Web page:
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Lok Sabha TV- Public Forum: Exploring Gender Pay Gap

 

 


Lok Sabha TV- Public Forum: Exploring Gender Pay Gap


 

https://youtu.be/eG3yARjpVO4

A few surveys conducted by Monster India and Accenture in the last few days present a very dismal picture of presence of women and their growth in workplaces. It showed that women earn 25% less than men for the same job. While it shows that women hardly get their dues in terms of their salaries as compared to their male counterparts, it also suggests that the presence of a glass ceiling is a mental block to inhibit her progress. The average gender pay gap of 38.2% is one of the widest observed gaps in this Report. The salary divide is the most stark in the manufacturing and information technology sectors. The survey also found that males are given a higher number of career promotion opportunities as compared to their female colleagues.

Another survey named Getting to Equal 2017 conducted by Accenture shows that the disparity in the country is much higher than the global average of 40% across industries and that the pay gap will not decrease until 2018 in developed markets and may take more than a century and a half to bridge the gap in developing markets including India. While these surveys hint at the inequalities at corporate workplace, the wage discrimination in the bottom end of the wage distribution cycle where women workforce are concentrated is much alarming. Presently, some 120 million women in India i.e. around 95% of women in paid work are engaged in informal sector which grapples with a lot of issues. A huge percentage of work done by women is not even counted in national statistics. According to the United Nations, this figure is more than 50% in India.

Reasons:

  1. Preference for male employees over female employees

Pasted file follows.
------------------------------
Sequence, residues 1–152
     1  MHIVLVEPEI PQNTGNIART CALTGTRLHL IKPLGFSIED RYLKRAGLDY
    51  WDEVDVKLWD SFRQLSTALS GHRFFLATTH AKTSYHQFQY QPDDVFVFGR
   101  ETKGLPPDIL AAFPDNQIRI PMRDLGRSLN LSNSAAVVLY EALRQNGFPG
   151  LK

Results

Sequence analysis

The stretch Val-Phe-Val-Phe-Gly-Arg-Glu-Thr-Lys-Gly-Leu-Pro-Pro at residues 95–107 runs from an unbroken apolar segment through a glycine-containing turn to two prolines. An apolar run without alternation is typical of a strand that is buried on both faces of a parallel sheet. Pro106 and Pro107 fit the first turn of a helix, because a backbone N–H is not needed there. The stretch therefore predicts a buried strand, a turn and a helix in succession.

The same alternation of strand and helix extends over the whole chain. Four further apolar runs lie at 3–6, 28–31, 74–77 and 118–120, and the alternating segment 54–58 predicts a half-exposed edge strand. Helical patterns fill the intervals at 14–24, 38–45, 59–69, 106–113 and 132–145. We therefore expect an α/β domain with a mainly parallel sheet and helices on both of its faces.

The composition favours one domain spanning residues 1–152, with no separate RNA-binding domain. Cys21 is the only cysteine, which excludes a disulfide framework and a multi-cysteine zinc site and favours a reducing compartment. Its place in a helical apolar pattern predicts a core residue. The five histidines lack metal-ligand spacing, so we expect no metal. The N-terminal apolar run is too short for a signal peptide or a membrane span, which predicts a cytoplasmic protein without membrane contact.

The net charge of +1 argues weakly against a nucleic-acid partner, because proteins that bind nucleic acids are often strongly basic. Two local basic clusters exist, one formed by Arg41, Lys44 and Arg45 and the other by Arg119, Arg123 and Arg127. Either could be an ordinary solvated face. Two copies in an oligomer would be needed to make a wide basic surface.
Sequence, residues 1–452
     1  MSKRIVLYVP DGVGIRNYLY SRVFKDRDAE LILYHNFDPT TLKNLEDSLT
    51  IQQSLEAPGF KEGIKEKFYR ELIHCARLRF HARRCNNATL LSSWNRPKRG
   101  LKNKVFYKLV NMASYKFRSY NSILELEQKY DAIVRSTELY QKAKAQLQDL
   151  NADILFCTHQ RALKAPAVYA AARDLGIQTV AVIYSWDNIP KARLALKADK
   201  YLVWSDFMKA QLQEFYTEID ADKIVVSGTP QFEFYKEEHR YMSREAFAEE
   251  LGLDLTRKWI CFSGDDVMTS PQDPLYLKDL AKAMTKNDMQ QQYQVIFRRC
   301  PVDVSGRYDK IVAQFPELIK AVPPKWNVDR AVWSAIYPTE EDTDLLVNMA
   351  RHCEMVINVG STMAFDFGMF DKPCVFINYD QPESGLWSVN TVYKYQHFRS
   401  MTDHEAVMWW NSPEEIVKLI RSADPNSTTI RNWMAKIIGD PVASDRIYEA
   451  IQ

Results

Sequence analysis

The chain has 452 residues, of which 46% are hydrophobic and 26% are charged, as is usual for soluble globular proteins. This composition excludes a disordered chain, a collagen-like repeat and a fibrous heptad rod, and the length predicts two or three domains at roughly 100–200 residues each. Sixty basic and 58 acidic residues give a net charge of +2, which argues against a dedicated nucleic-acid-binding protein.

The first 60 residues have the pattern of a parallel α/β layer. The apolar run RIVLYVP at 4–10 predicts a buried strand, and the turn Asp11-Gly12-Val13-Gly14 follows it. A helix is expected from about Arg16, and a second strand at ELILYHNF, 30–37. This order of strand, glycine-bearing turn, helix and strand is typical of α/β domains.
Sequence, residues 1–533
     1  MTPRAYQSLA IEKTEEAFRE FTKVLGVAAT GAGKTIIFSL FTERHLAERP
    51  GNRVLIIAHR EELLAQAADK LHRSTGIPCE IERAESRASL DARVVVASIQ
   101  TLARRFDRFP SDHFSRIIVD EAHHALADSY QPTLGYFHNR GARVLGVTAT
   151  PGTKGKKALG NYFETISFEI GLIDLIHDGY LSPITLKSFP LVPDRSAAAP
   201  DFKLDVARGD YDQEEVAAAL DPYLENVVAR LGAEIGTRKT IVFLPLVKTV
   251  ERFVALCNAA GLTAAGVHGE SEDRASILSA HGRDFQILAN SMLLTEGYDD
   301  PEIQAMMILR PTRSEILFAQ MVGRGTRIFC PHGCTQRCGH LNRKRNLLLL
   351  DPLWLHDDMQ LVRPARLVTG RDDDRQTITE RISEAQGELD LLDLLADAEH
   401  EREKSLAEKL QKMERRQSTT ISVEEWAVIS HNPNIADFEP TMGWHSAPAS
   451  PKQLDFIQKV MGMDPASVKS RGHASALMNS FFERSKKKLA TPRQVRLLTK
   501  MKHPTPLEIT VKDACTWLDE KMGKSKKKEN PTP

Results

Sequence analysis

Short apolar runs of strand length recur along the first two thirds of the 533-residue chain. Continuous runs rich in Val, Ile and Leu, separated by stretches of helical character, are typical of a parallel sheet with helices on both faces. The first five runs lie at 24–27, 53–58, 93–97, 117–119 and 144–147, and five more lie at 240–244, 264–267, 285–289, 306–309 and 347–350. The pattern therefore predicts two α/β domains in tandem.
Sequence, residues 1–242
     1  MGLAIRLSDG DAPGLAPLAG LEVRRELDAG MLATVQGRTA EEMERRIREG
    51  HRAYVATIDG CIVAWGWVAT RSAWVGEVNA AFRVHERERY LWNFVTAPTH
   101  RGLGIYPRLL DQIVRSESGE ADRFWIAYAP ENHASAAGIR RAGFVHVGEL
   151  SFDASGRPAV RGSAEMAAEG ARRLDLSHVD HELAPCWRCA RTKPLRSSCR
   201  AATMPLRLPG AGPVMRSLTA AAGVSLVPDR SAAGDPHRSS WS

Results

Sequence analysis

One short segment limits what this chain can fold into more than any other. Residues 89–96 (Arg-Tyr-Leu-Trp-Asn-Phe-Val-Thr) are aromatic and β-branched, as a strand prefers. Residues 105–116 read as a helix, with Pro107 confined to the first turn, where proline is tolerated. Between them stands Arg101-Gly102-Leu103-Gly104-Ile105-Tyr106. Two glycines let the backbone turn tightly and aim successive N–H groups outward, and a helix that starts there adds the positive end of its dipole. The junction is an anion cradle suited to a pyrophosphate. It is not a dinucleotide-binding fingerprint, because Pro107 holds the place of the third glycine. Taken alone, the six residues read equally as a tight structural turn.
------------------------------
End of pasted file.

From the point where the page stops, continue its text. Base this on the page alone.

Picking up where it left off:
2. Preference for promoting male employees to higher positions
  3. Career breaks taken by women due to socio-cultural issues, marriage or pregnancy and parenthood duties.
  4. In rural areas, women are given lighter work deliberately in agriculture or other sectors thus making them eligible for low payments.
  5. Due to lack of transparency in salaries in private sector, many women are unaware of salaries which they should actually get. In Government sector jobs, this disparity is much less because people working on same posts are entitled for same compensation.

Some Facts:

  1. 22% decline in female labour participation rate in India: UN Report
  2. India is among bottom five countries with a gender pay gap of over 30% : ILO
  3. Average gender pay gap in the manufacturing sector stood at 29.9%
  4. 8% pay gap in the information technology sector
  5. Average gender pay gap of 14.7% in education and research sector, 27.5% in legal and market consultancy sector and 22.6% in healthcare and social work sector.
  6. India was ranked 108th on the annual Global Gender Gap Index 2015 and 87th in World Economic Forum Gender Gap Report 2016.

Possible Solutions:

  1. Private companies and corporate sector must have salary audits.
  2. Enforcement of Equal Wages Act should be done in letter and spirit.
  3. Women need to come out and they must advocate for themselves in this regard.
  4. Adequate intervention from Government to ensure equality of pay to both men and women for the same work. Strong labour market institutions and policies such as collective bargaining and minimum wages lowered the pay gap.
  5. Digital fluency and a planned career strategy might help women to close the pay gap.

Conclusion:

Women seek guidance from stakeholders including their family to aim high and make informed choices. Many women do not explicitly demand a raise. They need to be coached and mentored to speak up for their rights.